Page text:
In an effort to help Greece secure its sea borders, the European Union has lended the nation a blimp to monitor migrant trafficking across the Aegean.
The blimp came from the EU border monitoring agency Frontex and has been put into use by the Greek Coast Guard following its initial beta test on July 30.
The 35-meter airship is owned by a German company named IN-Innovative Navigation GmbH and costs an estimated $538,500. It is equipped with radar and a thermal camera and can fly as high as 3,200 feet.
Greece’s coast guard will have access to the device through late August and are using it for 24-hour surveillance of the country’s maritime border with Turkey — particularly around the island of Samos.
The airship will supposedly help detect when traffickers leave the Turkish coast, allowing the Greek Coast Guard to alert Turkish officials.
Samos received tens of thousands of migrants during the peak of the refugee crisis in 2015 and continues to house thousands who remain stuck on the island waiting to be granted asylum in other European countries.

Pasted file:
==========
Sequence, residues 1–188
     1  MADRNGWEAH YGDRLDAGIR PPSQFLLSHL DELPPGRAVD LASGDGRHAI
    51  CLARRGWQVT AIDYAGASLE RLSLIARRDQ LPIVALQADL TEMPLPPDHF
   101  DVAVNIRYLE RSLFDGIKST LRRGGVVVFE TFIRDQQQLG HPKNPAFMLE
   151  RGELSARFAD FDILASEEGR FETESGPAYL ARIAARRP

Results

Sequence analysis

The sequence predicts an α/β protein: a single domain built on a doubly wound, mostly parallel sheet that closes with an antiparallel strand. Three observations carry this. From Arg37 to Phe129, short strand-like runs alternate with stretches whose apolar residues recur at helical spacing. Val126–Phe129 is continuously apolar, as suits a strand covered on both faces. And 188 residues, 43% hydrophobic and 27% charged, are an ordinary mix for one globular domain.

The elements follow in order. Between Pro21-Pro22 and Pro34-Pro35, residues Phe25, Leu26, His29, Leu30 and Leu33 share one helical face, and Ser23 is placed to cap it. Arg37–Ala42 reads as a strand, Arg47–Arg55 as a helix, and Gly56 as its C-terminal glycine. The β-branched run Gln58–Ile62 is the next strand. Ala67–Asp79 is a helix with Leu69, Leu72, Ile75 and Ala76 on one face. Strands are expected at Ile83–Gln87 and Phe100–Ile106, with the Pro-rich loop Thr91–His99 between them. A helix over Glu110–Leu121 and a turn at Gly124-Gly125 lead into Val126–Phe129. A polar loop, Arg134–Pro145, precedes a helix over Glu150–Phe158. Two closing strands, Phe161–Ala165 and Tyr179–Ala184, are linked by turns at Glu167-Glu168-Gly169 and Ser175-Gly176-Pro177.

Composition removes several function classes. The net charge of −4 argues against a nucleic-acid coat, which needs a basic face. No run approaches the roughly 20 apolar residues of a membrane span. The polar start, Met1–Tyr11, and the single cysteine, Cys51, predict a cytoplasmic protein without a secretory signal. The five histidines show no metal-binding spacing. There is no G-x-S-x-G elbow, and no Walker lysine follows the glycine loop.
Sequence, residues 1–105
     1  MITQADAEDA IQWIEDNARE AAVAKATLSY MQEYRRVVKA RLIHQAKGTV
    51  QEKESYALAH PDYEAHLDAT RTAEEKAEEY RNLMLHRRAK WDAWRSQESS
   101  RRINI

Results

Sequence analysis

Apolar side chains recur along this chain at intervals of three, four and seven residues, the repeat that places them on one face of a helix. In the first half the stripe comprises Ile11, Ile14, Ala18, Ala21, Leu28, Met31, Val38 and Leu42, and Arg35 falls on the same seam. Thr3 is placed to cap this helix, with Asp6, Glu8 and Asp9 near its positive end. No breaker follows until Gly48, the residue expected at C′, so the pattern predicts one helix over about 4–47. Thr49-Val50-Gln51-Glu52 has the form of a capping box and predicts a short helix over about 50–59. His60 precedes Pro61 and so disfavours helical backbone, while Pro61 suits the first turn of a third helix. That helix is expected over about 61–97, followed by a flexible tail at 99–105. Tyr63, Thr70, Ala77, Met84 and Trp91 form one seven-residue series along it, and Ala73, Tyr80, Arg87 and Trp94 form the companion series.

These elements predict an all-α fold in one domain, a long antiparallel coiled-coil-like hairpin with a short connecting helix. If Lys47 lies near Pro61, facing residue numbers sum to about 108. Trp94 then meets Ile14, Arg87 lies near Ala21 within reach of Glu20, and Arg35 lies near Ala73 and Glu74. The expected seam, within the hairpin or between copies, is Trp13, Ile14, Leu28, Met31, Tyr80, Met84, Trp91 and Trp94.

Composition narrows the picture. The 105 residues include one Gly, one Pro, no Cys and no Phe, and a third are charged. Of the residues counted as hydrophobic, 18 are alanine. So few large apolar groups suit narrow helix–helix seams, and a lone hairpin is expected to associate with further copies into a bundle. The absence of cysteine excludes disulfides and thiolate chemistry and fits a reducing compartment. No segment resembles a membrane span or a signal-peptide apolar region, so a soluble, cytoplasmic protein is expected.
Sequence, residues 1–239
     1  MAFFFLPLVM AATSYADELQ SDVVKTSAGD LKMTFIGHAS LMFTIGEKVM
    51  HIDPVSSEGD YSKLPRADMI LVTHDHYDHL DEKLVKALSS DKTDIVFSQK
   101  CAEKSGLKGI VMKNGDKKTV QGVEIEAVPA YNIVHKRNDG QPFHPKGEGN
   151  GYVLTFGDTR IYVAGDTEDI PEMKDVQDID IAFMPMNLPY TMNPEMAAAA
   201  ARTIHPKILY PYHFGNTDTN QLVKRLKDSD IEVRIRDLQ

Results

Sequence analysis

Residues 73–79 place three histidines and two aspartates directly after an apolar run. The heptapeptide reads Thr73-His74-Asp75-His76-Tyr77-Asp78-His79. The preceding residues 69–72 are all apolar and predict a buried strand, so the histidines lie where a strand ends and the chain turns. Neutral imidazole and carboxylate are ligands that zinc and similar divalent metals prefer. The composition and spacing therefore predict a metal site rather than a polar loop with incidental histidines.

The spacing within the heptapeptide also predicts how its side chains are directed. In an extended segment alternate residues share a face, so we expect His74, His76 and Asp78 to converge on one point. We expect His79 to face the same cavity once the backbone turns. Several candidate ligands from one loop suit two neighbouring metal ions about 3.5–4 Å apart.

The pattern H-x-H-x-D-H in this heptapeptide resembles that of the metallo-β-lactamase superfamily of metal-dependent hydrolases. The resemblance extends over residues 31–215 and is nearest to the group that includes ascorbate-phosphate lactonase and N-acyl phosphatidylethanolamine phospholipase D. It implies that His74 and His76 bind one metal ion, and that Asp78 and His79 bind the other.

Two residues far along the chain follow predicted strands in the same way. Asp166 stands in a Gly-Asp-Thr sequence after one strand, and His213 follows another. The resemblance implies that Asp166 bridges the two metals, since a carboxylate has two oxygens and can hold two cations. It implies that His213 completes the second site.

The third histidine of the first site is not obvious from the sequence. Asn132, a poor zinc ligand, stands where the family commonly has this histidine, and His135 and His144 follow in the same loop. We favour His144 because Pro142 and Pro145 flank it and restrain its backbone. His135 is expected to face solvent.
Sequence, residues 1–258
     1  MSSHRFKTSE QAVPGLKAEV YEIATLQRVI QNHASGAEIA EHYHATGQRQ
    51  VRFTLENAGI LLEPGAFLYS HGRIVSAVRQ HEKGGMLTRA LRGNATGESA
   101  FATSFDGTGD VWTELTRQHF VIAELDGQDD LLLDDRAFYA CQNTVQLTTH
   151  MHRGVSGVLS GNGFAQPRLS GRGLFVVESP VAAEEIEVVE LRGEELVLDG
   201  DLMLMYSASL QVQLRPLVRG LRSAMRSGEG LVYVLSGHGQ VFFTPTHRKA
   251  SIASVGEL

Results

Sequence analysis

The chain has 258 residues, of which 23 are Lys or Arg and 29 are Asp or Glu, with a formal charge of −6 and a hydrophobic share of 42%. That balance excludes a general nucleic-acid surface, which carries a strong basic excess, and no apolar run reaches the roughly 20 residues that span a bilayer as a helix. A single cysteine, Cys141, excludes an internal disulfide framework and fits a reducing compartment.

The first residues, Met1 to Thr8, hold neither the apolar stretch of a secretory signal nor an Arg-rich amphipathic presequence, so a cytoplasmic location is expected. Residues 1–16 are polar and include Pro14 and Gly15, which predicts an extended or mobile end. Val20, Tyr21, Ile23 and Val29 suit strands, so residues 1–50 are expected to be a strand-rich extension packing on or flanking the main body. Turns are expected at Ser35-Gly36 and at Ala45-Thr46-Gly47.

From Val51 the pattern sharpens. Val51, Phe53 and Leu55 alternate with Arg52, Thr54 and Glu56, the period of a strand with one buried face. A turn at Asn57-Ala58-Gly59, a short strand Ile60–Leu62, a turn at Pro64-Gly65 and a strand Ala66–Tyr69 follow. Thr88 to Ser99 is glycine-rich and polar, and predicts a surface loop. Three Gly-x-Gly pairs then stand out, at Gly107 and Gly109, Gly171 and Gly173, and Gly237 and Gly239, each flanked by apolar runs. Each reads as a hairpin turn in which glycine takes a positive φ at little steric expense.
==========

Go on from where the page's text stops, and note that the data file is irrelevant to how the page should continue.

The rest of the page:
The New Yorker reported in June that the island’s largest refugee camp currently accommodates 4,000 in a space designed for approximately 650.
“Inside a barbed-wire fence, people inhabit filthy trailers with windows broken by police raids,” the report says. “Outside the camp, in an area known as the Jungle, migrants cluster in the trees in squalid collections of tents, shacks and tarpaulins tied to branches.”
According to the UNCHR, 22,401 migrants have arrived in Greece by sea in 2019.
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